Failures of transparency and accountability and “wasteful, nugatory” spending
29 June 2022
In a report today the House of Commons Public Accounts Committee says progress on the restoration and renewal of Parliament is “unacceptably slow” with the “likely start date for major works pushed back by many years because of repeated attempts to revisit the basis of the programme”. The Committee says it must not take “another catastrophic incident to finally galvanise action and focus minds.”
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Since the start of 2016 there have been 25 fire incidents in the Palace and 13 incidents of falling masonry. The House authorities have spent large amounts of taxpayers’ money to mitigate health and safety risks, “including £140 million to install temporary fire safety systems” alone.
There has been an “unacceptable cloak of secrecy around the programme” with “House authorities’ failure to manage asbestos incidents transparently, or with alacrity” underlining “an approach which does not welcome scrutiny”. The “failures of transparency and accountability” include the House administrations being three months late sharing information on a recent asbestos incident with those impacted.
The Committee saw “no evidence to justify” the House of Commons Commission’s proposal to “reverse decisions from both Houses of Parliament”and abolish the project Sponsor Body - which was set up in 2019 “precisely to take the oversight of this huge project out of the political arena”. The CEO of the Sponsor Body does not know why this was proposed; there is no evidence alternative options were considered, and the “suggestion that the House authorities oversee the works does not seem viable,” given their previous performance with Portcullis House and “more recently the Elizabeth tower renovation, which is almost triple its original £29 million budget.”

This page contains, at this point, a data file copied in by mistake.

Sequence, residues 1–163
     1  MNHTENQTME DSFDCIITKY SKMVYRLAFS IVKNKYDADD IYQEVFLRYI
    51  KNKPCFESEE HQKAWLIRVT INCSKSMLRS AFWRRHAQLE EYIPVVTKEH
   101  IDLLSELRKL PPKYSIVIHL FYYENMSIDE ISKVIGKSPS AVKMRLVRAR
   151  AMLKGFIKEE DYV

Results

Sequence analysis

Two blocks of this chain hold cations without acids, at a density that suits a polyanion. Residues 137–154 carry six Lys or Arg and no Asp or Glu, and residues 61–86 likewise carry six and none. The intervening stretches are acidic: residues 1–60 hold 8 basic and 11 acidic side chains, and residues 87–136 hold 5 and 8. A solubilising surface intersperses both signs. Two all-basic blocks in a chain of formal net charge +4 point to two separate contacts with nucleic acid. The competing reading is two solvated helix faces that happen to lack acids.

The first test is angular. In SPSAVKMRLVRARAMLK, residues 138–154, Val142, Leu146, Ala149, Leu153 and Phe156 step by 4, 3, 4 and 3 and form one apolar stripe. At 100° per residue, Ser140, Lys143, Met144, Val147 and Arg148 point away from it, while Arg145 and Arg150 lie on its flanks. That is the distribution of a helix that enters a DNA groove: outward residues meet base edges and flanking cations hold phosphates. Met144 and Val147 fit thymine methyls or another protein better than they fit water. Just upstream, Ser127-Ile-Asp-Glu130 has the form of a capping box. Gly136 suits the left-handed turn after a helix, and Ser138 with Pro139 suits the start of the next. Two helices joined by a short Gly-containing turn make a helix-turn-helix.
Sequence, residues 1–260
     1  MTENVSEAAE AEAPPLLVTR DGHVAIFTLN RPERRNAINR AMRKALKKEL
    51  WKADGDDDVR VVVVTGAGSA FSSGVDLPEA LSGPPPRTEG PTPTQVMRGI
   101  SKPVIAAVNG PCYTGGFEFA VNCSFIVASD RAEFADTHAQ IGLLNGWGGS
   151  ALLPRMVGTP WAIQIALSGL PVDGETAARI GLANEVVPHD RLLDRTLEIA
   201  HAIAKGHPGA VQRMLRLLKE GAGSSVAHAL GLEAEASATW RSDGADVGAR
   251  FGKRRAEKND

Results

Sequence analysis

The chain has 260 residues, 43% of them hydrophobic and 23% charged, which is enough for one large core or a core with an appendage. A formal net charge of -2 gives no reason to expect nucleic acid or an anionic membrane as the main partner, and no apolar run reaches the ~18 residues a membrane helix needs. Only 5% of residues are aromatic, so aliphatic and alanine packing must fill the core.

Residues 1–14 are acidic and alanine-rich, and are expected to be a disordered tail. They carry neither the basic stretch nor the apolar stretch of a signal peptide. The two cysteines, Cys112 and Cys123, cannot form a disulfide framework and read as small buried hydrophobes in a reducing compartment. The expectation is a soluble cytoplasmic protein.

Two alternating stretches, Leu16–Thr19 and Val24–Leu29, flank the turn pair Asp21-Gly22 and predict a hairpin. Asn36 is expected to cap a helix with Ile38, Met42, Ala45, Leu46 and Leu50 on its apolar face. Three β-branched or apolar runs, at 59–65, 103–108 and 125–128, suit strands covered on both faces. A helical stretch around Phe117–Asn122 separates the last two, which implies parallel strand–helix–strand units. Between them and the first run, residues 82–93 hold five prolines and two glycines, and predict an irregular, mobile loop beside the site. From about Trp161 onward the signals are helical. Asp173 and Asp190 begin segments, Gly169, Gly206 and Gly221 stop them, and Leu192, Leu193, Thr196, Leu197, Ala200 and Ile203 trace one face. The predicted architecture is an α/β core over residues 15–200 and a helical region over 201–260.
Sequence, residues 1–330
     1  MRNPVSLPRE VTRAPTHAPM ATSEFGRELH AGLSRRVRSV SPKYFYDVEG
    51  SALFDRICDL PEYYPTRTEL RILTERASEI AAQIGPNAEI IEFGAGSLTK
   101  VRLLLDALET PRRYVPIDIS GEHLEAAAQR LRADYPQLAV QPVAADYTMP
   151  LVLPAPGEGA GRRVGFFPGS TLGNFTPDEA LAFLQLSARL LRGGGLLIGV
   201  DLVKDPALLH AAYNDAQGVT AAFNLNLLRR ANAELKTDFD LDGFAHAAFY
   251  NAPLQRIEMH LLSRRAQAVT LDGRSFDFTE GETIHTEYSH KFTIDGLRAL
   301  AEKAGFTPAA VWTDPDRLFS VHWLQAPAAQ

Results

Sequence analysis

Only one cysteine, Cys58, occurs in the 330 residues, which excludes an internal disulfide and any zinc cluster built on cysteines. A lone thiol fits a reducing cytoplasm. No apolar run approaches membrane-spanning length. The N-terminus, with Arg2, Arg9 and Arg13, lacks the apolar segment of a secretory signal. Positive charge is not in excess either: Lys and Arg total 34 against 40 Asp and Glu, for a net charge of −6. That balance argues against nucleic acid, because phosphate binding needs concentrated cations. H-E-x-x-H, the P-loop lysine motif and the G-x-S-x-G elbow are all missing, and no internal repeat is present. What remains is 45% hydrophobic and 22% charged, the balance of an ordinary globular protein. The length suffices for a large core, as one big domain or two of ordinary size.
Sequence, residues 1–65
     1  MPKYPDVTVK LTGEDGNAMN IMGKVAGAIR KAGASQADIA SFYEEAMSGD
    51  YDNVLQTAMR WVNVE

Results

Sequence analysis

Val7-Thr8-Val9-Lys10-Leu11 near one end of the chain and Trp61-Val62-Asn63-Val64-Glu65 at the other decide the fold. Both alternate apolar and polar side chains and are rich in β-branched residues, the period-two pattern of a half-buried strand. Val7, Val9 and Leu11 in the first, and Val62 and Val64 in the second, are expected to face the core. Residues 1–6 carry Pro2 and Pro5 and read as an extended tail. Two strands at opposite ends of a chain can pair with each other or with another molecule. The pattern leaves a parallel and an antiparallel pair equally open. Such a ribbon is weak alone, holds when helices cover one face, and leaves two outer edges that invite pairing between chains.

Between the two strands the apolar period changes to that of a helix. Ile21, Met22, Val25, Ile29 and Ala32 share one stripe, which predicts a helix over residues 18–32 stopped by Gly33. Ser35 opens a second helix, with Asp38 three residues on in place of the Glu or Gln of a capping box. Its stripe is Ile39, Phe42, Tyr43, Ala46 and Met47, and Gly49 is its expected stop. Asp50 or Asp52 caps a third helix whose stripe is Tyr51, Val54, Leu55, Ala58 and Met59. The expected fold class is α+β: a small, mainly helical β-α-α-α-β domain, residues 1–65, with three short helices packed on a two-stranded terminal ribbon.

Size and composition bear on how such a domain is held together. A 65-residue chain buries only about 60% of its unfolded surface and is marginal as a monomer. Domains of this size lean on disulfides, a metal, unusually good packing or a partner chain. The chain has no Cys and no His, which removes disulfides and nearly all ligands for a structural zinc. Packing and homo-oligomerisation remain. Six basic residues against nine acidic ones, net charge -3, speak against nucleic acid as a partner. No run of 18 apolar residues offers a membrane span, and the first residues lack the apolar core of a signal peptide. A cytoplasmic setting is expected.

The two House Commissions have asked for further options to be explored “but is unclear how the higher costs”, “enormously longer time” - an extra 15 to 48 years - and added “extraordinary health and safety risks” of a continued presence during the building works can be managed.
Dame Meg Hillier MP, Chair of the Public Accounts Committee, said:
“The House authorities have unilaterally taken this massive, critical project of huge national, historical, cultural and political significance back to the drawing board; reversing decisions by both Houses, with no justification for wrecking the plan that was underway - if tortuously slowly - and no assurance that they can actually deliver the works they now envisage. This cannot be acceptable in anyone’s book.
The new arrangements must have the transparency and independence to come up with a proper, deliverable, risk-managed plan at acceptable costs. Of course, current Members and authorities care deeply about this place and its restoration but this project will outlast any contemporaneous interests or cohorts and must be taken out of their hands. It is inconceivable that this building at the heart of our nation’s life should be allowed to deteriorate further – or worse, that those working or visiting the Palace are put in physical danger - by the inability of the current generation of residents to come to and stick to a decision about how to proceed.”
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